In Cleveland, Texas, about 45 miles northeast of Houston, a video of an 11 year old girl being gang raped by at least 18 young men and boys (and perhaps as many as 28), ranging from ages 17-27, surfaced months after the incident occurred over Thanksgiving school holidays. Charges were filed and arrests were made when a video of the event surfaced and a friend of the child reported it to the school district and police department.
Some in the community and beyond have speculated that the young girl voluntarily committed sexual acts with the men and boys and as such, she alone should be taken to task for her actions. Some claim that this eleven year old girl was promiscuous, dressed as a mature woman and invited the attack by going to an abandoned trailer home alone, with a nineteen year old boy who made his intentions clear.
The accused men and boys include the son of a school board member and star high school athletes. As such, emotions in the community run high because the stakes are high. Each charge of aggravated sexual assault of a child under 14 is a felony, punishable by 99 years in prison. Racial tensions are also elevated because all persons arrested in the case are black, while some community leaders insist that all the perpetrators in the video are not.
Even as the justice system sorts out this case, one thing is crystal clear. An eleven year old girl is incapable of making an informed decision about her sexuality, her appearance and her demeanor among men. Those are decisions that a child relies upon her family and community to make for her. The self esteem required to steer a young woman past the pitfalls of premature sexuality begins at home and is fostered by a community that bands together to keep children from falling prey to rapists and opportunistic scumbags.
In Waco, Texas, a controversy brews over the opening of a neighborhood restaurant called Fat Ho Burgers. It is commonly understood that “ho” is slang for the word “whore.” Owned by a young black woman, LaKita Evans, the menu at Fat Ho Burgers is rumored to include such items as Little Ho meals for children. While Ms. Evans enjoys living in a country where she is free to name her business as she pleases, she misses the connection between the image she projects and the image that is perceived. What she feels is a clever marketing strategy and fun word play is actually a serious indictment on black children and on women of any color.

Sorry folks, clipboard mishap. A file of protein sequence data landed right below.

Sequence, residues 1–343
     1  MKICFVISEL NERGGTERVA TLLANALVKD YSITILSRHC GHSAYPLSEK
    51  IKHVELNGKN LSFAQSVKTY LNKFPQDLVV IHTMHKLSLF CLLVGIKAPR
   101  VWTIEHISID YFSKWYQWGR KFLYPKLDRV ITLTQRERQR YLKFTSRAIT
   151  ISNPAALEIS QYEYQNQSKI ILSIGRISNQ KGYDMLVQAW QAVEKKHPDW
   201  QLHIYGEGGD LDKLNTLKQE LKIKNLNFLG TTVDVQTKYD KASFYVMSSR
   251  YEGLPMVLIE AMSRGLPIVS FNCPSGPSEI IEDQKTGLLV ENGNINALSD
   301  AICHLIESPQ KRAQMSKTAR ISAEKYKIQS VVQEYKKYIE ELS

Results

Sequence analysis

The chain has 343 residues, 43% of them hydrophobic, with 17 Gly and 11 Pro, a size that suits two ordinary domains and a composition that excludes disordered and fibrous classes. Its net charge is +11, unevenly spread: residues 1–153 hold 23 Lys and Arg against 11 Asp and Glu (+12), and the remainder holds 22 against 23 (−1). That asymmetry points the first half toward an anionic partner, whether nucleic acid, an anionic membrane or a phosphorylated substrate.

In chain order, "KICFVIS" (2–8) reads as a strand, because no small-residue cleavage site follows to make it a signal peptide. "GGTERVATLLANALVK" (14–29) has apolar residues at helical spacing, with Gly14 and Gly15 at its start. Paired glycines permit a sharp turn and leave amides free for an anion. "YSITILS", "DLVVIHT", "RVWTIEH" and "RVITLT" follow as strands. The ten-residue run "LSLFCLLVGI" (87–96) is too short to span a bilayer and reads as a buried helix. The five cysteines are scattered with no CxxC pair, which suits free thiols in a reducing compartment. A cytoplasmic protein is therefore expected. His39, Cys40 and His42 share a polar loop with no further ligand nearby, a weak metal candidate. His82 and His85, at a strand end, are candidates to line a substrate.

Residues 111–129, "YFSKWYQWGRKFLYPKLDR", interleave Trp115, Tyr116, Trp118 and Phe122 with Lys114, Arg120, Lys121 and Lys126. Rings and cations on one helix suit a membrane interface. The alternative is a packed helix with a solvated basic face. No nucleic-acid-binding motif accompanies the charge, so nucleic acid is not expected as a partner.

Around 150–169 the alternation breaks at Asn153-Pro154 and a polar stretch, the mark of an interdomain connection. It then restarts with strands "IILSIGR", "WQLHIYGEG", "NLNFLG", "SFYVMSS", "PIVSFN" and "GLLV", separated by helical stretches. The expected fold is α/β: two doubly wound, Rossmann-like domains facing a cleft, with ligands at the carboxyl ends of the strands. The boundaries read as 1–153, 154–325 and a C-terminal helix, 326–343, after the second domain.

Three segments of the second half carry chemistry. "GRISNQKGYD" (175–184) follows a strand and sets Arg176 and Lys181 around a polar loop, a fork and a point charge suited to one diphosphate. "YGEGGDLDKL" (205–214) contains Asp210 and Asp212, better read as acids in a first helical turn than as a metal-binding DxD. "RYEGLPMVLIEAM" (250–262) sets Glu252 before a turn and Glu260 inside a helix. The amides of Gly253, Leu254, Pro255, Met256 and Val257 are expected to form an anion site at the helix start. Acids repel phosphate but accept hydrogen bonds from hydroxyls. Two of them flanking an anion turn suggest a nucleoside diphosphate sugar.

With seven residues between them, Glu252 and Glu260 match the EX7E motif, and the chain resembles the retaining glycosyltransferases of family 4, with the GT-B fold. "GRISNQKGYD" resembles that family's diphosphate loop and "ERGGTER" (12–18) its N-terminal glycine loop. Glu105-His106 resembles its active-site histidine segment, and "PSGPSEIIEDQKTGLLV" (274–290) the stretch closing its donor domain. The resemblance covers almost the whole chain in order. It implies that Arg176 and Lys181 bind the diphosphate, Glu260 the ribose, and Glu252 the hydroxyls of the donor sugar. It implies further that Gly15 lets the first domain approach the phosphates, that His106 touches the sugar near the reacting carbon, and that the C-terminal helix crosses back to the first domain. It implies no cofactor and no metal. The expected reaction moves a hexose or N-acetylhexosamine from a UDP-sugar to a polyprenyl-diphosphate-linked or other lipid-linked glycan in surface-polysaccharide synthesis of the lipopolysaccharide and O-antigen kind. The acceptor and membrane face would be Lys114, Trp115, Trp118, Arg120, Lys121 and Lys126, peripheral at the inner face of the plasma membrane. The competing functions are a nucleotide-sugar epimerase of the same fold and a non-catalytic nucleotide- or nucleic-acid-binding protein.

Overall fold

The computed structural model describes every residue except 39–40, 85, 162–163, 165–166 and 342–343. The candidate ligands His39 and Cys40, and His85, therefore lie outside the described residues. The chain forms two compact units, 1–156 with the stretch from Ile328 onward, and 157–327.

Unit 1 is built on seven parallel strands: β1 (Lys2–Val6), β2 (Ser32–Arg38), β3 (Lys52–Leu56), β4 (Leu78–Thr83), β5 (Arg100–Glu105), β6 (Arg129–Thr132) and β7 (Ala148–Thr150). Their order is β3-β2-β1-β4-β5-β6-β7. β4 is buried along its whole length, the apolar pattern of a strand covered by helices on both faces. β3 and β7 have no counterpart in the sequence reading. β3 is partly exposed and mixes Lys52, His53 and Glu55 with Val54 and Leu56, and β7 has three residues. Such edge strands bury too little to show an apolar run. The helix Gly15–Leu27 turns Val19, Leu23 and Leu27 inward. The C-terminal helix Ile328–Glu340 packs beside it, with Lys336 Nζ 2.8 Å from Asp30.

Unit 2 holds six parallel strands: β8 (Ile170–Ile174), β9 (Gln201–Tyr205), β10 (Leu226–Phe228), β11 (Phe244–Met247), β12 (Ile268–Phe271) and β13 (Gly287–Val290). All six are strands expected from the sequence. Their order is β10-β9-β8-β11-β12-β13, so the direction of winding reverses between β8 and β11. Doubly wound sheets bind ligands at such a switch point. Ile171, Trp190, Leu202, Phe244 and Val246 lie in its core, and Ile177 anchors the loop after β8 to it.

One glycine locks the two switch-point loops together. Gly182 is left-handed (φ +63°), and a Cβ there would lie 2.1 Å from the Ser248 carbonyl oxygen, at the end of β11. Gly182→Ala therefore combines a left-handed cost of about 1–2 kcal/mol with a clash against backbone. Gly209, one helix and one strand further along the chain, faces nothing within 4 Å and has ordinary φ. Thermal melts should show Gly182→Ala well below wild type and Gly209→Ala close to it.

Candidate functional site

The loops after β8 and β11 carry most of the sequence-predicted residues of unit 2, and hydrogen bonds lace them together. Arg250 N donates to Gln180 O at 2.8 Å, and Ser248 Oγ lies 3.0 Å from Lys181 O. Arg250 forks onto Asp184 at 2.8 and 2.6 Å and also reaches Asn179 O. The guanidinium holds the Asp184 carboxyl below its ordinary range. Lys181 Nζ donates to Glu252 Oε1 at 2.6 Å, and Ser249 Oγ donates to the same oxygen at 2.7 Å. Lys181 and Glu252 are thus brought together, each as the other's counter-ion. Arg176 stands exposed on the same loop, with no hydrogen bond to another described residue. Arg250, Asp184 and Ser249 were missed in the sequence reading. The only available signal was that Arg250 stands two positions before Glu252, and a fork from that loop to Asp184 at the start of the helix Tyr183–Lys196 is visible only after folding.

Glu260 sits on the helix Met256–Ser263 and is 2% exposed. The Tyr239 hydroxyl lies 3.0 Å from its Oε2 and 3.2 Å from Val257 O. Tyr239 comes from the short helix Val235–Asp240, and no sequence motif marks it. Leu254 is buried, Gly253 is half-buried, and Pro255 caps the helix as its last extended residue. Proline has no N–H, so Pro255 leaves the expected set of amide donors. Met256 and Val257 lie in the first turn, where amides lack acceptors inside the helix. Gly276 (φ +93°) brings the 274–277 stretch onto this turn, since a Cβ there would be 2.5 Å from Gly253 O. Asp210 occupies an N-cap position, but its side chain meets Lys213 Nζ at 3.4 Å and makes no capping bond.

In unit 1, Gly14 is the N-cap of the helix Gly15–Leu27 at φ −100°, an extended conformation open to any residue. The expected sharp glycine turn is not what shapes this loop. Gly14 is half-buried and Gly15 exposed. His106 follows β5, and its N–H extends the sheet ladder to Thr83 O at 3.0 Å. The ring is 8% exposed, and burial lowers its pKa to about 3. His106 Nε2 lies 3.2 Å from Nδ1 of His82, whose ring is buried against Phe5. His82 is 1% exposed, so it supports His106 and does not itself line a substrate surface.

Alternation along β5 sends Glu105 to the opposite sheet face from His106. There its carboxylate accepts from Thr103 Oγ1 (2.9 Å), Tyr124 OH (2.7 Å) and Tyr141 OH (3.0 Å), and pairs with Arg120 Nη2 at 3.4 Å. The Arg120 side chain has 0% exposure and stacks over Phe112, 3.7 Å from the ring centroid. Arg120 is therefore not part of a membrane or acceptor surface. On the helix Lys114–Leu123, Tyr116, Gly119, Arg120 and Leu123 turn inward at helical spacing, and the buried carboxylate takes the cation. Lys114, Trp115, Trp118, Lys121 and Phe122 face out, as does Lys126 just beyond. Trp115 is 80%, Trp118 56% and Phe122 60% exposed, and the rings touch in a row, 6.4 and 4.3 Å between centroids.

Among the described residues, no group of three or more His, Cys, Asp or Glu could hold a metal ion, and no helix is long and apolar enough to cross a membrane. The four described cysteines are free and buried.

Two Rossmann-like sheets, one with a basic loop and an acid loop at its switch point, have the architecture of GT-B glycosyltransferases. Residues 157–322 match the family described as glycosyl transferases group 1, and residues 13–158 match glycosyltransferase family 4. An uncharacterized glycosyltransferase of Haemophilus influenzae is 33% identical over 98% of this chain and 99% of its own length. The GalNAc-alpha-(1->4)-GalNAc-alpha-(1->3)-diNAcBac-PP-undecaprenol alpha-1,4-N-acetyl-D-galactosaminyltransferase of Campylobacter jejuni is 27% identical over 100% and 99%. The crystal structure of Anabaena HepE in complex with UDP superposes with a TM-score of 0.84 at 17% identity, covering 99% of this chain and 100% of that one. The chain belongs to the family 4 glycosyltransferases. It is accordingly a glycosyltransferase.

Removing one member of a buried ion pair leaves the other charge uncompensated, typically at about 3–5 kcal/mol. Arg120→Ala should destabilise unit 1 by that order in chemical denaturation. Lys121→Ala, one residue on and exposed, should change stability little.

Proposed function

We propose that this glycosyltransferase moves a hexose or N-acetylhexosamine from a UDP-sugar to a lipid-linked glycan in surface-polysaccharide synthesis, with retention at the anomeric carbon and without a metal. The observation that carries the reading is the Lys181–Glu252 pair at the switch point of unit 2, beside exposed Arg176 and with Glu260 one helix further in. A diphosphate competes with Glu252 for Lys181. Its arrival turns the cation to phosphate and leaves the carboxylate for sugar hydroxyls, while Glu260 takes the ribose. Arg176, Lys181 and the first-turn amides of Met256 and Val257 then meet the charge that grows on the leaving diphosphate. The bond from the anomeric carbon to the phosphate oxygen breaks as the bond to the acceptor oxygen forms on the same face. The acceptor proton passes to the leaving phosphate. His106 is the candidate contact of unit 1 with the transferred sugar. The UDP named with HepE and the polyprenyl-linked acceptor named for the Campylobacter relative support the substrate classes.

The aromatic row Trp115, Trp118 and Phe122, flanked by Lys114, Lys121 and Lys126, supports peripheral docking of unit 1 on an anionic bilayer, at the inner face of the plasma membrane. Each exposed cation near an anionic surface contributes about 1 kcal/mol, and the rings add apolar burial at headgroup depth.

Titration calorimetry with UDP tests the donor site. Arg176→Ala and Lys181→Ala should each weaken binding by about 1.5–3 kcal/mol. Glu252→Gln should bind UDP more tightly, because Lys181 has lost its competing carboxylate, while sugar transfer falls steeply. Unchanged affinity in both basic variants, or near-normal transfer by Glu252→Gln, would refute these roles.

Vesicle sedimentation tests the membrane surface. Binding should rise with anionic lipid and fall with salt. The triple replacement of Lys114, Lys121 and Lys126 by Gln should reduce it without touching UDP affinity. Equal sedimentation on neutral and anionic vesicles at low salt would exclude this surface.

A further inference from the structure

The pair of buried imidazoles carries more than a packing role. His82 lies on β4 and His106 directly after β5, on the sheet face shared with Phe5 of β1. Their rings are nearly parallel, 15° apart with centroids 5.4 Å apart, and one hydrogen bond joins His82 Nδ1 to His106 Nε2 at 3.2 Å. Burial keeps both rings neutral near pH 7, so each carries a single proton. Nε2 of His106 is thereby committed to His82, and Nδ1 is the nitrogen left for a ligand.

Just like the words and images emanating from some contemporary music and the accompanying videos, the daily messages children receive from their environment shape their minds, hopes and dreams for themselves. If a young girl is repeatedly called a “ho” in music lyrics, by people she encounters and even on a restaurant door, who is she to think that she is really not a “ho?”
Perhaps the most disturbing piece of the Waco story is the silence of the black community. As yet, no pastor or community leader has stepped up to offer assistance to LaKita Evans to help her turn her business skills toward uplifting her community rather than contributing to its ruin. On KWTX’s morning radio show, Commissioner Lester Gibson admitted that he would not want to take his young grandchildren to eat a Fat Ho Burger, but backpedaled when asked what he thought the name of the restaurant meant. Gibson further insulted the intelligence of the listeners by suggesting the owner may have been referring to the “Ho Ho Ho” laughter of Santa Claus, a garden tool (hoe) or Ho Chi Minh City.
Unfortunately, the silence of the black community in Waco merely sets the stage for another child to face what the 11 year old girl in Cleveland is facing. If another child is gang raped, we must all face accountability for being a part of that gang.